Economy Feb 9, 2013
Going by past trends, Union Budgets have not really provided any relief to the real estate sector. Yet this time around, the cry for infrastructure status seems to be getting louder with not only the builders' lobby but also politicians. Housing and Urban Poverty Alleviation Minister Ajay Maken has proposed giving infra status to mass housing projects.
However, a mere change in status without improved corporate governance, faster regulatory approvals , creation of better infrastructure and increased land availability will do nothing for affordable housing, said Pankaj Kapoor, MD at real estate research firm Liases Foras in a pre-budget interview with Firstpost.
"Just bringing status to the industry won't solve the problem. The biggest problem of affordable housing is that it is being created in places that are not habitable."
The land cost at a convenient distance is the biggest challenge in providing affordable housing, he adds. Instead of financing the infrastructure projects through land (by selling overpriced lands), state agencies should make land more productive through infrastructure and connectivity. "They need to correct their vision. The land values are unproductive," said Kapoor.
He also noted that government policies, be it FDI in real estate or the land acquisition act, work against affordable housing. This is because foreign capital was not used for acquiring land for affordable but luxury projects.
"Too much capital (flow) into land created an unproductive value due to speculation. Costly capital in turn outplaces the consumer and makes homes unaffordable. Only by creating more infrastructure and by freeing up land in close-by areas can the government make affordable housing a reality," said Kapoor.
According to Kapoor, the biggest problem is the free availability of capital in real estate. He says, apart from private equity (PE) money, 90 percent of the ECB proceeds, which by law is only allowed for development of low-cost affordable houses and not for acquisition of land, goes into speculation on land rather than assets. And it is this speculation that allows developers to command such high prices, because speculation changes the market to an investor-driven one from one driven by the end user.
" Investors are only looking for profits, and not housing. Ninety percent of the flats are bought by fourth time, fifth time buyers. The government needs to to dissuade such buyers by making loans for investors very difficult. This can be done by way of higher interest rates for third-time home buys and lower interest rates for first-time buyers."
He also wants the government to raise the income tax rebate for interest paid on housing loans from the current Rs 1.5 lakh for first-time home buyers, and bring about moderation in pricing by way of differential provisioning for investors and end users.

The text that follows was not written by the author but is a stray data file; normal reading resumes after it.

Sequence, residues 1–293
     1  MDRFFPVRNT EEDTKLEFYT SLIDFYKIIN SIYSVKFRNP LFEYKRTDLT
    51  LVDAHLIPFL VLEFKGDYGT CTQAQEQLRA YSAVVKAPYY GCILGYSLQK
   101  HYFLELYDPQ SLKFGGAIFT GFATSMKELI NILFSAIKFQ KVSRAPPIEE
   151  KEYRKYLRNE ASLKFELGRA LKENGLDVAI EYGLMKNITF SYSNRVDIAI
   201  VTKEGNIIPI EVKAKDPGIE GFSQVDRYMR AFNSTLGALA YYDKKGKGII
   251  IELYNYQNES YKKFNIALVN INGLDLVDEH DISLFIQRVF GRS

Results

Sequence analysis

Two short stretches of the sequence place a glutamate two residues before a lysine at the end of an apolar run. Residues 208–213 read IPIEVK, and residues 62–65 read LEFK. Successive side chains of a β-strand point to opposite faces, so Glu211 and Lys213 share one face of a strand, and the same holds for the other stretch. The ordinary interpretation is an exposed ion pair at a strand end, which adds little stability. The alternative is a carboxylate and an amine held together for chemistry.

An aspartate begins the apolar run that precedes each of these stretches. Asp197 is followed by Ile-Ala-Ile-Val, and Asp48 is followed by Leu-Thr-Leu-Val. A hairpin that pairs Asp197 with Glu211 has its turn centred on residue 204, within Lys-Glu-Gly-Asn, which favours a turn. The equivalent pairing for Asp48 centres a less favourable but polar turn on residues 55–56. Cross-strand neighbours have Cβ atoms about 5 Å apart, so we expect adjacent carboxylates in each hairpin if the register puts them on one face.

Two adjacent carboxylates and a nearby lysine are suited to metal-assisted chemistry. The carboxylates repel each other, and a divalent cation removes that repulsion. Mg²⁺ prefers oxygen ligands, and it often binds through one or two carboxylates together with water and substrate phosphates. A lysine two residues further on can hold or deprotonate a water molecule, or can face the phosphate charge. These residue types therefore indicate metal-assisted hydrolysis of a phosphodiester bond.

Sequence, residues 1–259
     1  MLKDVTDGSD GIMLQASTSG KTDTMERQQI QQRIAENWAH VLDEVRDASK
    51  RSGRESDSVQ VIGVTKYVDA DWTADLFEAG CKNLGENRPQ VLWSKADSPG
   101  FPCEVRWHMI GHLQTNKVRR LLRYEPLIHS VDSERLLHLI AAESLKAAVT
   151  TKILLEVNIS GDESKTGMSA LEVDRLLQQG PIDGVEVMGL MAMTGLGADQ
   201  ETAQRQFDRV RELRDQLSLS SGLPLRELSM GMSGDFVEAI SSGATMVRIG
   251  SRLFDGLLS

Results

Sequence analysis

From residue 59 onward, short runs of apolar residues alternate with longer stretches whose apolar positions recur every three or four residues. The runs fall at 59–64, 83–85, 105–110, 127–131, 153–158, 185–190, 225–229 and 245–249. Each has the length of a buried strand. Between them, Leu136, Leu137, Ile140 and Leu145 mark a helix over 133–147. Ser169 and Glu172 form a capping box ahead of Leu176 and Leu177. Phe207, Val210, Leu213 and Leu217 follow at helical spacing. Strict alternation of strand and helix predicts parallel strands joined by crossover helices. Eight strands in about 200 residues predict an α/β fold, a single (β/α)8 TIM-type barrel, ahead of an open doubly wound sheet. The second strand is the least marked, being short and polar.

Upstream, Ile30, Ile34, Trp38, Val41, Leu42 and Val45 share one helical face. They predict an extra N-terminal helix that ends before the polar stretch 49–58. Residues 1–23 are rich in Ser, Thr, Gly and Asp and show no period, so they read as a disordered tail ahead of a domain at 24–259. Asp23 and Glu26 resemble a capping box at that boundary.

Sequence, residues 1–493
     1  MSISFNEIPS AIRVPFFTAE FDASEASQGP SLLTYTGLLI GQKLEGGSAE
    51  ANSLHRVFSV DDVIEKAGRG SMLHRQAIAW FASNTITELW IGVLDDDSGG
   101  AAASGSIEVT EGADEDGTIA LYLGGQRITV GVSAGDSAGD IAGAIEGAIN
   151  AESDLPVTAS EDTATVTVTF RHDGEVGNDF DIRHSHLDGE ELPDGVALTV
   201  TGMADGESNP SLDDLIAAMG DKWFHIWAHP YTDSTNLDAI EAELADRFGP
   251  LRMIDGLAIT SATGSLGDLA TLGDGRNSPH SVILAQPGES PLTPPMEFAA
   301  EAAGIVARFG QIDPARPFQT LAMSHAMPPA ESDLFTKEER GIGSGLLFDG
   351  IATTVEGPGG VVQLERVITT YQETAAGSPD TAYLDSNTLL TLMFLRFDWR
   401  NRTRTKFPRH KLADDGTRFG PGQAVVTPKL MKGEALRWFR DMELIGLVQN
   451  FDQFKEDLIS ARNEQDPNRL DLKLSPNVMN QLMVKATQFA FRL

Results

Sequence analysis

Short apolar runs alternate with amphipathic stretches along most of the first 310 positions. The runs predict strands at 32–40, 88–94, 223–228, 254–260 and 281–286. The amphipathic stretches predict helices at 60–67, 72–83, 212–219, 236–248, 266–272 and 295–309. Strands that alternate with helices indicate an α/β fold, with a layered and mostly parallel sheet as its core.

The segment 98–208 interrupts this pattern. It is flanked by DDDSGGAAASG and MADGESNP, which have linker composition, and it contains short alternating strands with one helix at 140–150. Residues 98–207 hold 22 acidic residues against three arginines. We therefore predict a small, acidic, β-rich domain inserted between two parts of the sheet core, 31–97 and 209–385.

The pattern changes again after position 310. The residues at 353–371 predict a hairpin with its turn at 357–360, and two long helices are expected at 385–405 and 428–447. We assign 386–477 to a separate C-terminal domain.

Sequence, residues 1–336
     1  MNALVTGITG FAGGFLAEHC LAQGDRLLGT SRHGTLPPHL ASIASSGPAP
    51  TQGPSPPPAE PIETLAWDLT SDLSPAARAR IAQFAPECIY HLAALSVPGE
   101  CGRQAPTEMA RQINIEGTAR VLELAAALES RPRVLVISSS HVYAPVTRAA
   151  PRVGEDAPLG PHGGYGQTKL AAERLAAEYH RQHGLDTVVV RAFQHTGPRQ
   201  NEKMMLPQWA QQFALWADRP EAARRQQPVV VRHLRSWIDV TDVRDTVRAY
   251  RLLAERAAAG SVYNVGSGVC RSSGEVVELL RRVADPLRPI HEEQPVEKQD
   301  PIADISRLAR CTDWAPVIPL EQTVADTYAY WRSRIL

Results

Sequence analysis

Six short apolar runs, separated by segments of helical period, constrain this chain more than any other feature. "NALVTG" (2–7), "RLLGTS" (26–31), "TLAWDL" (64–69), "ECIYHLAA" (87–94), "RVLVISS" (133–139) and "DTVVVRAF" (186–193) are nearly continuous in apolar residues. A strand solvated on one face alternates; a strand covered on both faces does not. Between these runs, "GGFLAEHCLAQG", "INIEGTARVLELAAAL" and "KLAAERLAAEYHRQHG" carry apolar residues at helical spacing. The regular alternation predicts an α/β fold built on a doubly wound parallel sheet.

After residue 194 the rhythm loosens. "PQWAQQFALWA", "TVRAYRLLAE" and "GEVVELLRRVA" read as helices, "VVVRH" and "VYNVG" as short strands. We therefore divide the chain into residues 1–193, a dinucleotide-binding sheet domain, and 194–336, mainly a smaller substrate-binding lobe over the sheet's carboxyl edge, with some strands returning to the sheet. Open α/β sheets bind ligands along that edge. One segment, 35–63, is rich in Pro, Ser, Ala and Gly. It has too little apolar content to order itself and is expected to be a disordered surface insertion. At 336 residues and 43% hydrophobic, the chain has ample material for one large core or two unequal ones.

Another way to check prices from escalating is to link loan restructuring with sale receipts where developers keep a check on prices and maintain certain cash flows required for economic balance, rather than using bank loans to buy more land and increase prices by way of speculation. "It is all speculative because there are fraudulent valuers. If valuation is also linked to sales velocity, prices will be moderate," added Kapoor.
On curbing black money in realty, Kapoor feels that bringing more laws will only create inefficiency. Rather the government should just compare registered values with the market rate of properties. In case of undervaluation, he suggests the government should scrutinse and pull up the tax evaders.
Kapoor also feels that the market is at tipping point and will see a correction in the next one-and-a half years as there is no liquidity available. "Sales are down, private equity money is mostly towards exits and no fresh stocks are coming in".
A look at the below chart shows that realty firms raised about $424 million from PE funds between January and June 2012, compared with $638 million in the same period last year, a 33.5% drop, according to estimates by VCC Edge.
But having said that, the correction could also take longer due to structural issues. Developers have sold stock to investors at very high prices who will, in turn, not allow builders to lower prices so easily, said Kapoor.
If there is a sharp correction investors who are helping builders hold on to prices will exit at the first inkling of any correction. In such circumstances, both builders and financial institutions will be stuck very badly.
And let's not forget the politicians whose close links with real estate ensure that inefficiencies in the system remain and excess land is not freed up so that they can all profit and make a quick buck.
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